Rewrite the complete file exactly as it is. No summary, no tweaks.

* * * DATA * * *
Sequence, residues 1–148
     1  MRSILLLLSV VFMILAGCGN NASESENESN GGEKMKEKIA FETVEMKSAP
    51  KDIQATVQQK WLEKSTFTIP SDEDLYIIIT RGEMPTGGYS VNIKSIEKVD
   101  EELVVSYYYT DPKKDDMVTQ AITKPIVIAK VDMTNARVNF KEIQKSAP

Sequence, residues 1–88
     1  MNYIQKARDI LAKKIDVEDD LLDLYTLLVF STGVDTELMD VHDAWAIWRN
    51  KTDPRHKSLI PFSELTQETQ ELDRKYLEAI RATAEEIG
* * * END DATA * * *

Sequence, residues 1–148
     1  MRSILLLLSV VFMILAGCGN NASESENESN GGEKMKEKIA FETVEMKSAP
    51  KDIQATVQQK WLEKSTFTIP SDEDLYIIIT RGEMPTGGYS VNIKSIEKVD
   101  EELVVSYYYT DPKKDDMVTQ AITKPIVIAK VDMTNARVNF KEIQKSAP

Sequence, residues 1–88
     1  MNYIQKARDI LAKKIDVEDD LLDLYTLLVF STGVDTELMD VHDAWAIWRN
    51  KTDPRHKSLI PFSELTQETQ ELDRKYLEAI RATAEEIG